4. Make a list of reasons (try for at least 20) for why this new promise will improve and/or make a positive difference in your life.It’s not what you do but why you do it that matters. For example: Regular exercise helps keeps me in a better mood around my family and co-workers; Regular exercise helps me sleep better; Regular exercise helps me look better, and when I feel I look better, I feel more confident, etc.
5. Have a mantra, motto or theme to repeat and declare for every time you don’t feel like doing something that you had committed or planned to do. (Share this with someone who is supporting you.) My theme this year is “Be Brave.” “Brave” to me this year is joining (and pre-paying for the year) for cardio and yoga classes; willing to be vulnerable; saying no to things that aren’t good for me and saying yes even when I’m scared.
6. Count and/or use numbers to break down what you are doing and to measure your progress. If your goal is to clean out your inbox, commit yourself to clearing out 25…then add 25 more, etc. until you have done your best with your given time. If you are on the treadmill and about to give up, commit for just 60 more seconds, 100 more steps, etc., keep repeating until you reach (or exceed!) the goal with which you began. When making a list or using a calendar, numbers also make it easier (and fun to check off!) when tracking and measuring your progress.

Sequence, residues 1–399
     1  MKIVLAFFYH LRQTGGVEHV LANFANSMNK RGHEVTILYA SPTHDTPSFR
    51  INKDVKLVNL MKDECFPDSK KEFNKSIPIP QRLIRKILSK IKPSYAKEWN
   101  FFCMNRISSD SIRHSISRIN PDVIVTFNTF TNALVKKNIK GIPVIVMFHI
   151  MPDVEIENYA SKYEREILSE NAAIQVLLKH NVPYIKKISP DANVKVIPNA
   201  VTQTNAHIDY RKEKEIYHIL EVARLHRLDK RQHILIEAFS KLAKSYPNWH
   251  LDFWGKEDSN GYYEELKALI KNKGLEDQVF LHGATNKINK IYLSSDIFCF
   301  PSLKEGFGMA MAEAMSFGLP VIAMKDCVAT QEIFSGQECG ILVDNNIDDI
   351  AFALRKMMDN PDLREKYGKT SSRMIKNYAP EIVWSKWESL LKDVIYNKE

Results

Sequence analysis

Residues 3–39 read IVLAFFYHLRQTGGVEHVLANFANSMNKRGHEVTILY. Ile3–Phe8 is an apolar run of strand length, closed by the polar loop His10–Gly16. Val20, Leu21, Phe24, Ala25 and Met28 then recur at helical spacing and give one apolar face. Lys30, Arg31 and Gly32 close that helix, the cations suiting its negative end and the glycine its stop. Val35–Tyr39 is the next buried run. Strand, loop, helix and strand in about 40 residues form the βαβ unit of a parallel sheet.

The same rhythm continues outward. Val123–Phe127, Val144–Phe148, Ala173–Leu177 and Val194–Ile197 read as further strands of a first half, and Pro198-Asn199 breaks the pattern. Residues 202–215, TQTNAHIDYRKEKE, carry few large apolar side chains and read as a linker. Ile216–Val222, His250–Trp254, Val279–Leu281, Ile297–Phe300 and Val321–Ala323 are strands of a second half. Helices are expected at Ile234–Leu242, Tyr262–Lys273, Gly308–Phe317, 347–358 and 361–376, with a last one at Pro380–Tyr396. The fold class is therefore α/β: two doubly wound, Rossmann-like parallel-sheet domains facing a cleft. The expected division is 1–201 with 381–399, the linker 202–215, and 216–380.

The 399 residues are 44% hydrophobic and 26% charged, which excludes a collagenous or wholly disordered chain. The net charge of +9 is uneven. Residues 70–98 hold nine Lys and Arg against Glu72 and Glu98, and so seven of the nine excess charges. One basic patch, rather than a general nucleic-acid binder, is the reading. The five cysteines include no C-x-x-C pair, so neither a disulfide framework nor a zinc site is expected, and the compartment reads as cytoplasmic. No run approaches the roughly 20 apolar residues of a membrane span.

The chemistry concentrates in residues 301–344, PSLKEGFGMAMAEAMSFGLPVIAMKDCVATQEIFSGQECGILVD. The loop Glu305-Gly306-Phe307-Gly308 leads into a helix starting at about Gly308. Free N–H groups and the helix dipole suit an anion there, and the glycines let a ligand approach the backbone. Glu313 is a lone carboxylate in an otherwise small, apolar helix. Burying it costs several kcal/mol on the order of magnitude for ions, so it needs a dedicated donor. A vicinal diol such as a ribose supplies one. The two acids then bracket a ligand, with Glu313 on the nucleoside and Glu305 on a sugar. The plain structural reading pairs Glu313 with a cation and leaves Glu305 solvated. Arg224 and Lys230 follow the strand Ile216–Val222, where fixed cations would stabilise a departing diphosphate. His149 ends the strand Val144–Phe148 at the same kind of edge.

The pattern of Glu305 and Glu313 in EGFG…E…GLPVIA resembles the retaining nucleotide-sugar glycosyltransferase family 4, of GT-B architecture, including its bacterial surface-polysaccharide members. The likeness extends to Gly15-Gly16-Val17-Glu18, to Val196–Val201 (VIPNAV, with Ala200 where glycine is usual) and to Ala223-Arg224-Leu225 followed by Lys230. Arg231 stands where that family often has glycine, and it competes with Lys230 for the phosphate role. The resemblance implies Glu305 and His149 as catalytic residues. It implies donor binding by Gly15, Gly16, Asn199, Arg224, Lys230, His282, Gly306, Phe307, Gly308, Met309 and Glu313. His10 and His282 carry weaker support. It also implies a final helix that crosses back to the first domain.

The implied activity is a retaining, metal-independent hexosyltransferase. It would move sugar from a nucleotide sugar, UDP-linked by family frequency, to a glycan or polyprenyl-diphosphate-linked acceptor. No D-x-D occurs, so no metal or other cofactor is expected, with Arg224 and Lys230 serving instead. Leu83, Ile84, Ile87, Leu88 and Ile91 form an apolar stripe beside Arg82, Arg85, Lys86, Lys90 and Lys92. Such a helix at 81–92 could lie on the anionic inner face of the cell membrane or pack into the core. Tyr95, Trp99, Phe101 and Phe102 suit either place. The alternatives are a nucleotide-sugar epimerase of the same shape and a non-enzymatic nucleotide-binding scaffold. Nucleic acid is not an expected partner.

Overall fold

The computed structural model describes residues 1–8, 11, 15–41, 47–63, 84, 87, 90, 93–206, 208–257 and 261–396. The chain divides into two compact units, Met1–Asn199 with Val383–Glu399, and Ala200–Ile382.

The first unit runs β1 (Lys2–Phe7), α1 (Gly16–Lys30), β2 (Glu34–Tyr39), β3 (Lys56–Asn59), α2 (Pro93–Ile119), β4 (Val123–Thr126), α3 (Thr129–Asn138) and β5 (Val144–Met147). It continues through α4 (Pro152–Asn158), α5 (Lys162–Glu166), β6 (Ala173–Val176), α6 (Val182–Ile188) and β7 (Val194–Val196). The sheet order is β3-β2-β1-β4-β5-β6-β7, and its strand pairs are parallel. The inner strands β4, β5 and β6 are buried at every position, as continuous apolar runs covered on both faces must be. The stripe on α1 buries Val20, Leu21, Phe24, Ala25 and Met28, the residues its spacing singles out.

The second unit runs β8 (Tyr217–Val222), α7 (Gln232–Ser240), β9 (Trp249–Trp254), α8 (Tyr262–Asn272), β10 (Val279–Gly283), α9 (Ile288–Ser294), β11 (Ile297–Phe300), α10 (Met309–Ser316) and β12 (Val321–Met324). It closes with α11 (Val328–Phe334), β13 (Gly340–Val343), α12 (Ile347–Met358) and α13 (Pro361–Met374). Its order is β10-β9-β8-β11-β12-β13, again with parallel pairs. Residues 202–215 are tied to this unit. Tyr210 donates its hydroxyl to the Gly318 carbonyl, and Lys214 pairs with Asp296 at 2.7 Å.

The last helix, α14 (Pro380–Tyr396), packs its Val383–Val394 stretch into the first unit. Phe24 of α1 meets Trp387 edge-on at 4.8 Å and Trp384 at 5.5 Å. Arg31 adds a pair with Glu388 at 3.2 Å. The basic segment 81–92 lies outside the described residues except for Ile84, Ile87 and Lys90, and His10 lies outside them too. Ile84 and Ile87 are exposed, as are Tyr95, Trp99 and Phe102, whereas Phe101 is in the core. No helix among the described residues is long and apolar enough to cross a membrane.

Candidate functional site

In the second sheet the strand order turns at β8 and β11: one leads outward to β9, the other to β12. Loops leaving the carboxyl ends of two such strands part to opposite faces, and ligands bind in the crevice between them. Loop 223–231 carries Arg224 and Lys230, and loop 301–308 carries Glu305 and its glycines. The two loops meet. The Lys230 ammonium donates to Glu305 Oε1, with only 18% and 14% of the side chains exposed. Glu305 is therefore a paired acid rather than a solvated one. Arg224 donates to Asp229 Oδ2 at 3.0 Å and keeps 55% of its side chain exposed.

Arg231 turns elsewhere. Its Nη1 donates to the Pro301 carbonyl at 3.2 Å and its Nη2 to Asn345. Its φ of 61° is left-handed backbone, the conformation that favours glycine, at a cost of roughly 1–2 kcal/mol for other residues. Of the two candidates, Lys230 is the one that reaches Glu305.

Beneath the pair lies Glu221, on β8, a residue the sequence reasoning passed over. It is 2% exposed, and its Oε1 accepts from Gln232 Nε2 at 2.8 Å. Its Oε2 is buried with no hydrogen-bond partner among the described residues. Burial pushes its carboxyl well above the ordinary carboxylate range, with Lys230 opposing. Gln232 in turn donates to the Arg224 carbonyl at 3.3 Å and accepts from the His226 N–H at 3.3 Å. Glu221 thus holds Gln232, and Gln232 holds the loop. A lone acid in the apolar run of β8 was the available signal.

7. Do what you can do instead of doing nothing because of what you can’t do. If you find yourself unable to follow through with one of your action steps towards your goal, decide on what you can do and just do that instead of doing nothing. For example, “I can’t make 10 sales calls today, but I can make 5.”
8. Refocus and reboot when needed. If you backslide for a week or two, okay, it happened – reboot and get back on track.
Emotional Intelligence: does it matter? As the debate rages on, the AMA sat down with noted psychologist and emotional intelligence expert Daniel Goleman to hear what he had to say. Check out his response to a recent article arguing against the merits of emotional intelligence, and why he believes it is among the most important qualities for managers and business people to have. This is part one of a two-part interview, stay tuned for part two!
Looking for new ways to improve your management skills? Being a great manager requires constant practice, and an open mind towards learning new techniques to motivate and inspire a team. Alan Fox is a New York Times bestselling author, and has his own tricks and tips to offer. Here he offers advice that has helped him become a great manager in his 45 years of running a law firm and real estate company, and how these tips will improve your team’s performance.
Last time we spoke with emotional intelligence expert Daniel Goleman, we discussed the necessity of EI in the workplace. In part two of this interview, we discuss the ongoing power struggle: IQ or EI? While both intelligence measurements have their positives and negatives, Goleman strongly supports the EI side of this debate. See what he had to say on the shortcomings of using IQ as a comprehensive litmus test for employees, and why EI can be more accurate at predicting future success.